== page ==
Fertility companies and patients are moving embryos and making contingency plans in case Roe v. Wade is overturned and abortion laws in some states extend to protect eggs fertilized in laboratories.
More than 2% of 3.7 million babies born in the U.S. in 2019 were conceived through in vitro fertilization, the latest federal data show. Many embryos created through IVF aren’t viable, fertility specialists said, and those that aren’t ultimately transferred into a uterus may be discarded. Some fertility and legal experts said the loss or discarding of embryos could be criminalized by statutes that ban abortion from the moment of fertilization or that grant personhood rights to embryos.
“There could be unintended consequences on IVF from these laws aimed at restricting abortions,” said Alan Penzias, a reproductive endocrinologist at Boston IVF, a Massachusetts-based fertility company, and an associate professor at Harvard Medical School.
Boston IVF operates in 11 states, including states where abortion is expected to be banned if the Supreme Court overturns Roe v. Wade, the 1973 decision that established a constitutional right to an abortion.
“We’re definitely keeping our ear to the ground,” said Dr. Penzias, who has been lobbying legislators to protect IVF from abortion restrictions.
chief executive officer of clinical at Kindbody, which has clinics in 12 states and the District of Columbia, said some patients have asked doctors to move embryos out of state in case Roe v. Wade is overturned.
“We’ve started the process of moving embryos from states like Missouri to states that patients think may be safer for their decision-making,” Dr. Beltsos said. Those decisions include the option to freeze embryos for storage, a process that can cause damage to some embryos, and to discard embryos if they aren’t viable or ultimately transferred.
Shady Grove Fertility, a fertility company with clinics in eight states and D.C., including Texas and Georgia, is devising workarounds and has encouraged patients to tell their state representatives to protect IVF services, said medical director
“We’re certainly nervous about what will happen in Texas and Georgia and we’re going to be cognizant of these laws as we think about future expansion plans,” Dr. Widra said.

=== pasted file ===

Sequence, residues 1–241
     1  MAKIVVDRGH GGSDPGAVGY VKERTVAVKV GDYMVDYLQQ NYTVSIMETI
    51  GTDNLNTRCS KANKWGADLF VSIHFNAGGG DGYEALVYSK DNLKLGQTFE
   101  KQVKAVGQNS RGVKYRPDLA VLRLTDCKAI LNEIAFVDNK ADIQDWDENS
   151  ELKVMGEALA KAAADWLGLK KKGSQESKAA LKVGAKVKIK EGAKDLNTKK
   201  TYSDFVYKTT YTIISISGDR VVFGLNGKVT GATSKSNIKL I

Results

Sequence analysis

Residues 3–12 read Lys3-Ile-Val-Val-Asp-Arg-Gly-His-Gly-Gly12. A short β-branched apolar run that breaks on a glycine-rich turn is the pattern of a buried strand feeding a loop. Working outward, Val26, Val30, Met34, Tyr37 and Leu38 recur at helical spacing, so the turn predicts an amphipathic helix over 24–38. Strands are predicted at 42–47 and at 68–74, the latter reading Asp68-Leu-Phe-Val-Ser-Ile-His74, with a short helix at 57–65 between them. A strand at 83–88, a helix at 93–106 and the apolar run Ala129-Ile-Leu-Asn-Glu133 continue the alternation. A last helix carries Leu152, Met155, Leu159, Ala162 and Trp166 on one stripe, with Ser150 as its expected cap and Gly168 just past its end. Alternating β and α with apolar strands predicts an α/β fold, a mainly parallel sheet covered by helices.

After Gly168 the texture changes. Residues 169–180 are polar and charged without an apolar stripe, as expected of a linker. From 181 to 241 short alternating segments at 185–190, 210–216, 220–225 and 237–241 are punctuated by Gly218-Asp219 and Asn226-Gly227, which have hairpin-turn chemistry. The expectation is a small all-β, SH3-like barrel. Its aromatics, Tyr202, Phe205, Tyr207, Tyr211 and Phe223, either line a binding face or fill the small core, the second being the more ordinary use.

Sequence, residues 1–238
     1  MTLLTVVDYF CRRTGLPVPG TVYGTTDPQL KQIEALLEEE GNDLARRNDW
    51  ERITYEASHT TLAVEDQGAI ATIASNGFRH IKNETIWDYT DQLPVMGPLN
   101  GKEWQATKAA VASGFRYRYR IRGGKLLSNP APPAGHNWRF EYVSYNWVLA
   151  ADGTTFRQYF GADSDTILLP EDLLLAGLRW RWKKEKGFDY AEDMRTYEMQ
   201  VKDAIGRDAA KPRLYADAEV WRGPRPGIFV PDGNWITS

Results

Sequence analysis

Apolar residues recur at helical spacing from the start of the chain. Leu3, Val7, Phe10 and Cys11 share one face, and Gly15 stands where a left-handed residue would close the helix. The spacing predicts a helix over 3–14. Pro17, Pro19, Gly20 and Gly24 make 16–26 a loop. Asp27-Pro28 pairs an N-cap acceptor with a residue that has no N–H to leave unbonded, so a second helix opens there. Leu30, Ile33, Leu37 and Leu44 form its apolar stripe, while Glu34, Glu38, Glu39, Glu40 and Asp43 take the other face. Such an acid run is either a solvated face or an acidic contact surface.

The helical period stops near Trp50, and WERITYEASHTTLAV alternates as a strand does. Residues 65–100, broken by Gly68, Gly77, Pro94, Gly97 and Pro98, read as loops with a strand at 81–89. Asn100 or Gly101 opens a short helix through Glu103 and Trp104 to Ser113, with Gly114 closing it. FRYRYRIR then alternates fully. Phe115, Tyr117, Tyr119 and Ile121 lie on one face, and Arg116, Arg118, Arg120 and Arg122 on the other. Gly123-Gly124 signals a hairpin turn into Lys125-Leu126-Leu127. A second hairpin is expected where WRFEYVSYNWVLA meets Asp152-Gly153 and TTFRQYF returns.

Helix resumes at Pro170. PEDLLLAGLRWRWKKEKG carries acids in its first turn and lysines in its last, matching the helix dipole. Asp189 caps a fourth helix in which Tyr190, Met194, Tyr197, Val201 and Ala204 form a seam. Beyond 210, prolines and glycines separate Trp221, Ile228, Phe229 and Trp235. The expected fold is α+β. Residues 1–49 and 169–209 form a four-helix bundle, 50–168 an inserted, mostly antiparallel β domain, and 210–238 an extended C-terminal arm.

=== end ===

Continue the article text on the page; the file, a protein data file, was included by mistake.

In Pennsylvania, where lawmakers are considering an amendment to the state constitution that would protect the life of unborn children from conception, Shady Grove Fertility sent mailers this month asking patients to contact their state representatives. The amendment isn’t expected to pass, but Maureen Kelly, a Pennsylvania-based reproductive endocrinologist, said she is nonetheless advising patients that clinics could limit the number of embryos created in an IVF cycle to avoid any being discarded.
“I’ve been bringing it up with patients…that laws may evolve,” Dr. Kelly said.
A bill that Oklahoma Gov. Kevin Stitt, a Republican, signed into law last month banning most abortions from the point of fertilization explicitly excludes contraceptives including so-called morning-after pills but not IVF, said Michelle Banker, director of reproductive rights and health litigation at the National Women’s Law Center.
I. Glenn Cohen, a deputy dean at Harvard Law School, said that the bill likely wouldn’t affect IVF but that the language was vague enough to raise questions. “If lawmakers don’t want to touch IVF, they should be clearer in their language,” he said.
Eli Reshef, a reproductive endocrinologist in Oklahoma City, said the ambiguity has concerned many of his patients. “I cannot tell you how many inquiries I’ve received in the last two weeks,” said Dr. Reshef. “They’re asking, ‘Should I even bother scheduling my IVF?’”
A spokeswoman for Mr. Stitt said concerns about the bill’s impact on IVF were a fabrication by Democrats. Oklahoma state Rep. Wendi Stearman, who wrote the law, said the bill clearly defines abortion as the termination of a pregnancy in a woman. “A petri dish in a lab is in no way defined as termination of a pregnancy in a woman,” she said.
If laws against abortion extend to the protection of all embryos, Dr. Penzias said Boston IVF physicians might only create embryos for immediate transfer into a patient’s uterus, reducing the potential rate of success. Alternatively, sperm and eggs might be collected in-state and shipped to Boston IVF’s headquarters in Massachusetts to be fertilized and stored, he said.
“Adding this workaround would add yet another burden,” he said. “It may make it unaffordable.”
Egg harvesting, fertilization and transfer can cost $10,000 to upward of $20,000 per cycle, according to the American Society for Reproductive Medicine. Several cycles are often necessary for a successful pregnancy.
Some people might pay to store embryos indefinitely or transport them out of state to be discarded if embryos created through IVF become protected where they live, said Dr. Penzias.
“The extra time, cost and psychological and logistical burden could be crushing and put parenthood out of reach for many,” he said.
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